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Treat Yourself to the AAR Bookbag!

March 15, 2003 – Issue #157

Robin and Anne lead discussions in this issue of At the Back Fence on “When Love Hurts,” a look at heartache in romance, and “Negative Awards – Necessity or Abomination?” Both topics feature a great deal of reader/author input, and Anne’s segment on negative awards, which grew out of an AARListthread, which in turn grew out of the categories in our annual reader poll, is particularly lively. Enjoy!

When Love Hurts (Robin Uncapher)

There is a scene early on in Marian Keyes’ Watermelon where Claire, the heroine, whose husband has left her for another woman, wakes in the night to begin one of those long internal conversations that only a heartbroken woman in love will recognize. It’s the “If-I-call-him-maybe-it-will-fix-things,” conversation.” You know the one I mean. He’s dumped you. It’s one in the morning (seldom a time when a man is open to having a deep, life changing conversation). You know you are going to wake him from a sound sleep. You are breaking all The Rules. You know that calling him like this will make it worse, much worse and make you look like the pathetic, miserable person that you are (so attractive to men – that image). But you are not rational. You are in so much pain that even a fight with him sounds better than continuing to sit alone in the dark.

In this state Claire calls her husband at their old apartment:

I started to dial the number of my apartment in London. There were a couple of clicks as the phone in Dublin connected with the phone in an empty apartment in a city four hundred miles away.
I let it ring. It might have been a hundred times. It might have been a thousand times.
It rang and rang, calling our to a cold dark, empty apartment. I could imagine the phone ringing and ringing beside the smooth, unruffled, unslept-in-bed, shadows from the window thrown on it as the lights from the street streamed in through the open curtains. Open, because there was no one there to close them.
And still I let it ring and ring. And slowly hope left me.
James wasn’t answering.
Because James wasn’t there. James was in another apartment. In another bed.
With another woman.
I was crazy to think that I could have got him back just because I wanted him back. Temporary Insanity had come a-calling and I had shouted “Come in, door is open.” Luckily Reality had come home unexpectedly and found Temporary Insanity roaming the corridors of my mind unchecked, going into rooms, opening cupboards, reading my letters, looking in my underwear drawer, that kind of thing. Reality had to throw out Temporary Insanity and slammed the door in his face. Temporary Insanity now lay in the gravel in the driveway of my mind, panting and furious, shouting, “She invited me in, you know. She asked me in. She wanted me there.”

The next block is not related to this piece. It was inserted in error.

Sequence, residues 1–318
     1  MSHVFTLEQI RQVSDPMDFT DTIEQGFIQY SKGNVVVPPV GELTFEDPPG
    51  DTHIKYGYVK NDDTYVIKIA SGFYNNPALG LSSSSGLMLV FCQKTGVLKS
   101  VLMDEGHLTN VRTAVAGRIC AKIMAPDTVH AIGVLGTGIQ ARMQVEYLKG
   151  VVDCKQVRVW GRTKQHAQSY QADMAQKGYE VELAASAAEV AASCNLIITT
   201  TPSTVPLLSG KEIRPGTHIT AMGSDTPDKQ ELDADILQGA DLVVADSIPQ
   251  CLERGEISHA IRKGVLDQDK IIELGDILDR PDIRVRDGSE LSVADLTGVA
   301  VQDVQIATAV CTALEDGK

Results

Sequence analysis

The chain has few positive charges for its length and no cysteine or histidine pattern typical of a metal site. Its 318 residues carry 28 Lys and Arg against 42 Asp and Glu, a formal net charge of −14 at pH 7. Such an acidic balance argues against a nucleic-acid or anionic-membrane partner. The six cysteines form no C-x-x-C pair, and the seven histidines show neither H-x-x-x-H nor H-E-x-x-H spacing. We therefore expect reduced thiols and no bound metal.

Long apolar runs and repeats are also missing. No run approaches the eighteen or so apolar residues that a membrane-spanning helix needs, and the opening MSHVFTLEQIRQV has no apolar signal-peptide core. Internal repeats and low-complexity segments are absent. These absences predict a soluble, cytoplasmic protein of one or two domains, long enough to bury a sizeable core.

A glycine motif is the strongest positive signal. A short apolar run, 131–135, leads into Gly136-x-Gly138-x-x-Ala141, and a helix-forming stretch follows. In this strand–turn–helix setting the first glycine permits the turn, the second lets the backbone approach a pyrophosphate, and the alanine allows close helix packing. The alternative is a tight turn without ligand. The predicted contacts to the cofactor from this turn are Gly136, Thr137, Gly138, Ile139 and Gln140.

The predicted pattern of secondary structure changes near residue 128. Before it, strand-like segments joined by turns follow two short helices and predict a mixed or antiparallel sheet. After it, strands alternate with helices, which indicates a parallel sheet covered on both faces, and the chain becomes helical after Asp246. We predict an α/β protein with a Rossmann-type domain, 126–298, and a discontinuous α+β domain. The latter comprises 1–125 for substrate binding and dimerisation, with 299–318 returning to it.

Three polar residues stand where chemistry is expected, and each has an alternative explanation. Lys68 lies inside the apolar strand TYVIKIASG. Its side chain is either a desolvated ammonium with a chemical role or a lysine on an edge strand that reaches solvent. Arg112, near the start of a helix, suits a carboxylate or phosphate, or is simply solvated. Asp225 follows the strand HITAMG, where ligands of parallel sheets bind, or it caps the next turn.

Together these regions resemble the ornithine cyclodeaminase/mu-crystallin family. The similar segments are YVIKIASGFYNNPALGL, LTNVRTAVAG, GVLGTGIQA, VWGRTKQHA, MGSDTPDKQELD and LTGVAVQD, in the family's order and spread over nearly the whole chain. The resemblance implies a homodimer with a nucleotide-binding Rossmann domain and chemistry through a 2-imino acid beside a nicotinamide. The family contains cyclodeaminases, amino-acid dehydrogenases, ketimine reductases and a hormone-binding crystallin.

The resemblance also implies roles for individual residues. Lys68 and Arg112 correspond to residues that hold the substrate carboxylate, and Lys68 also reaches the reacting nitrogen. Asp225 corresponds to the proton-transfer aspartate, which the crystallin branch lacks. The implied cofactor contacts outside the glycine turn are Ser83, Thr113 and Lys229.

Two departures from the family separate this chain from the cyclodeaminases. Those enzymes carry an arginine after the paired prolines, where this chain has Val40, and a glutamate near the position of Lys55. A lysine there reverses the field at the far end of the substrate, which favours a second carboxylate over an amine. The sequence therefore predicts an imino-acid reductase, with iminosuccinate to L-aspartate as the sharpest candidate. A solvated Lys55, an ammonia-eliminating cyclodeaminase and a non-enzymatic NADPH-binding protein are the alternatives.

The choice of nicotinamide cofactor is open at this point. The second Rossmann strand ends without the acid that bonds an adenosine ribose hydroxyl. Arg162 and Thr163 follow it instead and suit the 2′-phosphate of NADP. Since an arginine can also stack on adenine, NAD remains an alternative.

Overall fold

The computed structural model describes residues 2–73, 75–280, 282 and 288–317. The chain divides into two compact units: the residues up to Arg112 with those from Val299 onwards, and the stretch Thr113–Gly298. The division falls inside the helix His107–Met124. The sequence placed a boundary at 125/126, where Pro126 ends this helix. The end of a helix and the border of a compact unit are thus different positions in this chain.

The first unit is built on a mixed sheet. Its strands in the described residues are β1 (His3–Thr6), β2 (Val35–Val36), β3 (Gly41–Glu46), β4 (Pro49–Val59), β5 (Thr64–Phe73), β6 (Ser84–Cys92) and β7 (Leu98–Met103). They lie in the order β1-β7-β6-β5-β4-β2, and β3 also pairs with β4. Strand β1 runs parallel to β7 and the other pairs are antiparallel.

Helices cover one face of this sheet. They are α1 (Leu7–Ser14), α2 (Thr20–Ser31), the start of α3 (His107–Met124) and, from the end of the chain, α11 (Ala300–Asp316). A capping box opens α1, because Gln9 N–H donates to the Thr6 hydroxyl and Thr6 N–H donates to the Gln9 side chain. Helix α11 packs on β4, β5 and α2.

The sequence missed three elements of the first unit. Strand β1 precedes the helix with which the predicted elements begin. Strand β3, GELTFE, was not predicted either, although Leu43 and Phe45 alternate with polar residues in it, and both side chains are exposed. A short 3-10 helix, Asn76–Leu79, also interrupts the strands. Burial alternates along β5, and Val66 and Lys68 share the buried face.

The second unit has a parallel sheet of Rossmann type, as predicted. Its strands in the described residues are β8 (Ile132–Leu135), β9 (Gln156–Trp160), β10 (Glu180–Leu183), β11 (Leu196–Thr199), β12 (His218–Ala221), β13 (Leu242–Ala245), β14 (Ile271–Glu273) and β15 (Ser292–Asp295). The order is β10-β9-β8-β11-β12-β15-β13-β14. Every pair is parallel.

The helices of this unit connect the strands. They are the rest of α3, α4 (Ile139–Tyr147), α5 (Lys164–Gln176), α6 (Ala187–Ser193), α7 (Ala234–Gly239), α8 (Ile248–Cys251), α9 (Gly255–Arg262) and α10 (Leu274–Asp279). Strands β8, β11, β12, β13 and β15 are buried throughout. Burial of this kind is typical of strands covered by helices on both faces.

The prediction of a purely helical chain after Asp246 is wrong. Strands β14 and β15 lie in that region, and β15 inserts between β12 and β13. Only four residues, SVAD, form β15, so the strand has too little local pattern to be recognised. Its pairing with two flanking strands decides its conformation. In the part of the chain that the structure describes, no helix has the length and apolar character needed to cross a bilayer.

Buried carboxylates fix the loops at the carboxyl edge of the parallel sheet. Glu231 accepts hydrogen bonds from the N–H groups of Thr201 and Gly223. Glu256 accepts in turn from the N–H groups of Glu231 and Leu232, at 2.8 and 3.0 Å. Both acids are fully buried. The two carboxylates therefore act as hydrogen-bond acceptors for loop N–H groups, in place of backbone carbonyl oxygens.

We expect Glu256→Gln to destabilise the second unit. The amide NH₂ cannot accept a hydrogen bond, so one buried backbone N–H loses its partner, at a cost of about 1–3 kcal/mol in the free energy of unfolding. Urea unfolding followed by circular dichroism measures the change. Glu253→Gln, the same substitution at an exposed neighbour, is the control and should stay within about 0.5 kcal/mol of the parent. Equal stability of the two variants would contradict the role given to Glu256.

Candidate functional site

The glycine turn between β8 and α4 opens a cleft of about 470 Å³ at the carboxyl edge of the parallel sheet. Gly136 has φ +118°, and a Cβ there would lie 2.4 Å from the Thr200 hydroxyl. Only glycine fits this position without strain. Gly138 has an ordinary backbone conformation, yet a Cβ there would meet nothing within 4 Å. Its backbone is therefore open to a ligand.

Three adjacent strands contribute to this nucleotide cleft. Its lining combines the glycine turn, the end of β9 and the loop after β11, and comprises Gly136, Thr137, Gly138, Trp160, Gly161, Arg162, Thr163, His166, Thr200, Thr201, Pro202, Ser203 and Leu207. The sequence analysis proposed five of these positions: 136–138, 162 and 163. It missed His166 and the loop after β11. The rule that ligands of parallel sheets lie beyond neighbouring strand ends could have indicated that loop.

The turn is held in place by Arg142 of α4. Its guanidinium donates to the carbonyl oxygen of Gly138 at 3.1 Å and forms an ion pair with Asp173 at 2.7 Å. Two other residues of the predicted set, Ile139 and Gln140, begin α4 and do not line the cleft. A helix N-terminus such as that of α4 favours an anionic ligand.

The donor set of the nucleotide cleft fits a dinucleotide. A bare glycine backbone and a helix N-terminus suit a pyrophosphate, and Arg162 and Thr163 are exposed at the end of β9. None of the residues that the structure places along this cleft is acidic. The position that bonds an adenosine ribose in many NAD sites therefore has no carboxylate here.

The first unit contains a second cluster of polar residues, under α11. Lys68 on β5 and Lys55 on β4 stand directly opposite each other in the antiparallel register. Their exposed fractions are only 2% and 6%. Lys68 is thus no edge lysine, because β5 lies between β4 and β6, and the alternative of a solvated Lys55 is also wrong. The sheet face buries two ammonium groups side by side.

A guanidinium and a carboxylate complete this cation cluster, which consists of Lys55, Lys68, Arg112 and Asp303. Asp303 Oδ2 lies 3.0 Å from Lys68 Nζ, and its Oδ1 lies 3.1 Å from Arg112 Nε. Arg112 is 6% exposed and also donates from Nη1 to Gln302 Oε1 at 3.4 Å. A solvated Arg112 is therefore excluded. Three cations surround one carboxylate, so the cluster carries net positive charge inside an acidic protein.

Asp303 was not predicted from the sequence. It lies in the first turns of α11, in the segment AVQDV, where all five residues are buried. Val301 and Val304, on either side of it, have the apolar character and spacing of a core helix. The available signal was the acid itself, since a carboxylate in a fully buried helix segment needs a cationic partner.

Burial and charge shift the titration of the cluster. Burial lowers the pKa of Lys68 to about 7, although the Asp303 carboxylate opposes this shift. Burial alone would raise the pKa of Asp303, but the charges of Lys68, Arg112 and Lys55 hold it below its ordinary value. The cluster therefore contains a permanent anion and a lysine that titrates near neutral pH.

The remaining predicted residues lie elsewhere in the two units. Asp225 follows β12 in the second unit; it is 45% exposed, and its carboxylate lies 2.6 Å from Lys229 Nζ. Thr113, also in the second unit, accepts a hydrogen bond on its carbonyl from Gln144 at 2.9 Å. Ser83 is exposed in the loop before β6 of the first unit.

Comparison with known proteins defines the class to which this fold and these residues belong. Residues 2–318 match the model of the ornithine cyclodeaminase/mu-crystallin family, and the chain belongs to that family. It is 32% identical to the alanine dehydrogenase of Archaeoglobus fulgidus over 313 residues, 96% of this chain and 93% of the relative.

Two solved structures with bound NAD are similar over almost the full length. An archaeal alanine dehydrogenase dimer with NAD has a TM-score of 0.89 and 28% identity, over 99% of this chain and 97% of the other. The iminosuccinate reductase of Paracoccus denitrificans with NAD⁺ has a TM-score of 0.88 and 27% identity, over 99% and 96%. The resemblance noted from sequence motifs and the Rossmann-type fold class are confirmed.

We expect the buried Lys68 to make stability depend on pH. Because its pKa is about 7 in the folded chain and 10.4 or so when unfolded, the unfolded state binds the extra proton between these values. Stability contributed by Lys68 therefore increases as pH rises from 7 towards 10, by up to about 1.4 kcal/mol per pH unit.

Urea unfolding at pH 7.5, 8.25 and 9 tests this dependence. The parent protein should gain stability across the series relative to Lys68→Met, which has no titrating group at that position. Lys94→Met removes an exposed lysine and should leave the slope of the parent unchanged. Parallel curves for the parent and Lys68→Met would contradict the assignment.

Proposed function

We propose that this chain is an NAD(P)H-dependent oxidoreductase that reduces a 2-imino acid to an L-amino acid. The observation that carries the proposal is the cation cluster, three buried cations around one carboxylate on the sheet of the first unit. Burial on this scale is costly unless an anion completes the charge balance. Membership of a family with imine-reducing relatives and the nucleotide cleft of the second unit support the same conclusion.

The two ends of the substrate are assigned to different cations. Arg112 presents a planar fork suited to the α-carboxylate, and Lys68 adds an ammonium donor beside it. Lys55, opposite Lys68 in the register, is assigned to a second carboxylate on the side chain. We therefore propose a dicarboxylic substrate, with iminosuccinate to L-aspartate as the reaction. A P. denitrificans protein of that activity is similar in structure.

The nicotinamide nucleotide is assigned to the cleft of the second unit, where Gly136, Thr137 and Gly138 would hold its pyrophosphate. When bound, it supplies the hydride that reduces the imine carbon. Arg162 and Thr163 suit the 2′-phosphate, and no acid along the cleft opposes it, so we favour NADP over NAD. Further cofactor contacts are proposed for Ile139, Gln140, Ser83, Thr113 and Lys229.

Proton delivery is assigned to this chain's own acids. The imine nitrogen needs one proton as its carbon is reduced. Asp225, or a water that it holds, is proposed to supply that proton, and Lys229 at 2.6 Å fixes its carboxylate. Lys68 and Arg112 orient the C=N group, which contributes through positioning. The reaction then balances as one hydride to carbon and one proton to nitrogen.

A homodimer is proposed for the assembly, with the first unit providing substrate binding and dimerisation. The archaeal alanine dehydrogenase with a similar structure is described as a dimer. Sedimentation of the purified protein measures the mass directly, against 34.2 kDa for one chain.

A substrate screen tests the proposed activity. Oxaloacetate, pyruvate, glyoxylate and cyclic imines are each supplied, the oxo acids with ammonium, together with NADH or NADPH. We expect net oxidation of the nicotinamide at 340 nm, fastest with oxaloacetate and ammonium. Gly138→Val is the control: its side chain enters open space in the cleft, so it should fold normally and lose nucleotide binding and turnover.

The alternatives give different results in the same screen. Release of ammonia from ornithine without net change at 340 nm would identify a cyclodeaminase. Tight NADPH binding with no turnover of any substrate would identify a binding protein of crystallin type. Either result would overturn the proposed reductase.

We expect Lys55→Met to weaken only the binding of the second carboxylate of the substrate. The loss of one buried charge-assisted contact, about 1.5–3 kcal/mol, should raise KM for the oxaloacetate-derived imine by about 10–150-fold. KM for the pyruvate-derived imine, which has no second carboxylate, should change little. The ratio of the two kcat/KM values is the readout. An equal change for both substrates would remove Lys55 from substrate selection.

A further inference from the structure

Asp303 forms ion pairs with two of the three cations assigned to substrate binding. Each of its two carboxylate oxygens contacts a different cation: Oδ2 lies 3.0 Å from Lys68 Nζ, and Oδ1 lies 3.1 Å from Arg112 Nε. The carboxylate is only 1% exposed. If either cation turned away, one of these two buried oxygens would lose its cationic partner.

We can call it Temporary Insanity, as Marian Keyes does, or depression, or a myriad of other things. But what it really is, at the center of all the pain, is old fashioned heartache. Loving hurts when the person you love doesn’t love you back.

Poetry is full of heartache. For many of us it’s heartache that brought us to poetry in the first place, much in the same way that people in love start listening more closely to songs on the radio because they suddenly make sense. My favorite poem, A Broken Appointment, by Thomas Hardy, begins:


You did not come,
And marching Time drew on, and wore me numb.
Yet less for loss of your dear presence there
Than that I thus found lacking in your make
That high compassion which can overbear
Reluctance for pure loving kindness’ sake
Grieved I, when, as the hope-hour stroked its sum,
You did not come.

Heartache is more than just feeling sad that we are not loved. It is also feeling crazy that we could love someone who is callous enough to have loved us once and then stopped. We think they are wonderful, important, critical to our happiness while at the same time we think they must be awful not to love us back.

In spite of the fact that Shakespeare, Hardy, Wordsworth and a million song writers have produced great art to express heartache, there is surprisingly little of it in romance novels. Most romance heroes and heroines seem to know deep down that everything will be okay. If they don’t know that the relationship will be okay, they know that they will be okay. They don’t experience that black inability to see the future without the loved one — which is fairly common when people are really in love. There is however, some heartache in romance, and I often find that my very favorite romance novels are the ones where the heroine experiences some kind of fierce heartache.